LAKE PARK, Iowa (KCAU) — The Iowa Great Lakes provide numerous opportunities for winter entertainment but with six inches of snow dropping throughout the area Friday, it’s causing concern for snowmobiles during the weekend.

The frigid cold and single digit temperatures couldn’t keep outdoor enthusiasts away from Okoboji Saturday as hundreds loaded up their ice fishing gear and recreational vehicles to enjoy time on the frozen lakes, but Greg Harson of the Iowa Department of Natural Resources (DNR) advised caution especially with the fresh snowpack on top.

“Up until now, you could see the bubbles through the ice and kind of gauge how thick the ice was. With this snow on top of the ice, it’s going to be very difficult to see thin ice and if it’s skimmed over, you will not be able to tell thin ice from thick ice,” said Harson.

Harson wanted to remind people that no ice is ever 100% safe, referring to two incidents that occurred Thursday night before the snow hit when both an ATV and snowmobile broke through the ice on West and East Okoboji Lakes, respectively. Harson explained what to look out for when sledding.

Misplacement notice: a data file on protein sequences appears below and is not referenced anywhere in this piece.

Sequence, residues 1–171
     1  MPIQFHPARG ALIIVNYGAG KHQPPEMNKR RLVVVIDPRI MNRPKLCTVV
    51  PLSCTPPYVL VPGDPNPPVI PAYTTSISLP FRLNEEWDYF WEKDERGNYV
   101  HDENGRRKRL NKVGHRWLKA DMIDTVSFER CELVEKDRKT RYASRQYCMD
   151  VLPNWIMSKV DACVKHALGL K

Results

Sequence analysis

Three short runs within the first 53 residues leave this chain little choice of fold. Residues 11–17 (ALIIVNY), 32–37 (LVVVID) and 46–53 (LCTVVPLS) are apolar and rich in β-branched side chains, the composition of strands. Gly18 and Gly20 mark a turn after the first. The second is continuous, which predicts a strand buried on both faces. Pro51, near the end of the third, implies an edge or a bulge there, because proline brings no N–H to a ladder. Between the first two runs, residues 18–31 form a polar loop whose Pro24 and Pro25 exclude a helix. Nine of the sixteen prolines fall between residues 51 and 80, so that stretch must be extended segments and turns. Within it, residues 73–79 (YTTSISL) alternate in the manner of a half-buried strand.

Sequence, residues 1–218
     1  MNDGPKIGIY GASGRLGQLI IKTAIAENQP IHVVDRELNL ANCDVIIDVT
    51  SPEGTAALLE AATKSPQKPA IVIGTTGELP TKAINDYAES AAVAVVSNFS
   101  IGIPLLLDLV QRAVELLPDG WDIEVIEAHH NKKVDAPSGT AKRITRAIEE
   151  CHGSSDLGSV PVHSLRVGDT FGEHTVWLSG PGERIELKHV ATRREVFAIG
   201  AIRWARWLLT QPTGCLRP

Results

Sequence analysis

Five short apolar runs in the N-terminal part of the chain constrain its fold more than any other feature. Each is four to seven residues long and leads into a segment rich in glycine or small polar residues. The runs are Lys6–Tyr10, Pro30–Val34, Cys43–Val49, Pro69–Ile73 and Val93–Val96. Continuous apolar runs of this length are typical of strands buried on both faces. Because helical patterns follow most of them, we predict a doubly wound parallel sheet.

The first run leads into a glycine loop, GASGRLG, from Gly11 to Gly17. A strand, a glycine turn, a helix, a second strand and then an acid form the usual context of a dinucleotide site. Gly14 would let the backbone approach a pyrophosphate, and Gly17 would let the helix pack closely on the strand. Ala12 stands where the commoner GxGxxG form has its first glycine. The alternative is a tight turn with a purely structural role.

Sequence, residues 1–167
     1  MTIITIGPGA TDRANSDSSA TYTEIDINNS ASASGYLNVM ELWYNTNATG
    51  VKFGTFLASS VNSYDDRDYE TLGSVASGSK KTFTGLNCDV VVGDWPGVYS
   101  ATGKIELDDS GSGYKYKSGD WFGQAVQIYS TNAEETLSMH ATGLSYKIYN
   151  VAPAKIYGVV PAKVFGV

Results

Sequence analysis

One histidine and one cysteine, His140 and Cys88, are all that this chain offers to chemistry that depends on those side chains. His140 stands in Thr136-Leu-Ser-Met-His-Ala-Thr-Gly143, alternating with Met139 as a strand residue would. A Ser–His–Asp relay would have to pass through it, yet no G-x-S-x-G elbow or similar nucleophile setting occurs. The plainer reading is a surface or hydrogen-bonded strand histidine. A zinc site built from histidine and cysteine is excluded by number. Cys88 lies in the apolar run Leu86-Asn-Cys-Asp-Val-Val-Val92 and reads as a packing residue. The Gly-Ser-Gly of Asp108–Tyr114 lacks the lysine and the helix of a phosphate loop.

“The other things that you always want to stay clear of are the pressure ridges that are located out across the lake. If you see a heave, then you don’t want to be going across that because that could collapse on you and you’ll be going into the water,” said Harson.

Silver Lake in Dickinson County has a winter aeration system running throughout the season benefitting ice fishers, but causing another danger for snowmobiles.

Harson said because of mild temperatures throughout the fall and winter before the weekend, another source of potential danger is something no one can control.

“Be aware that the geese have stayed longer than normal and there’s going to be pockets of open water on Spirit, East, and West Lakes, Okoboji. The chance of a hazard is always out there so we need to watch out for that,” said Harson.

Locals at Lake Park said Silver Lake’s ice thickness is variable at this point with fluctuating temperatures throughout the winter causing the quality to decline.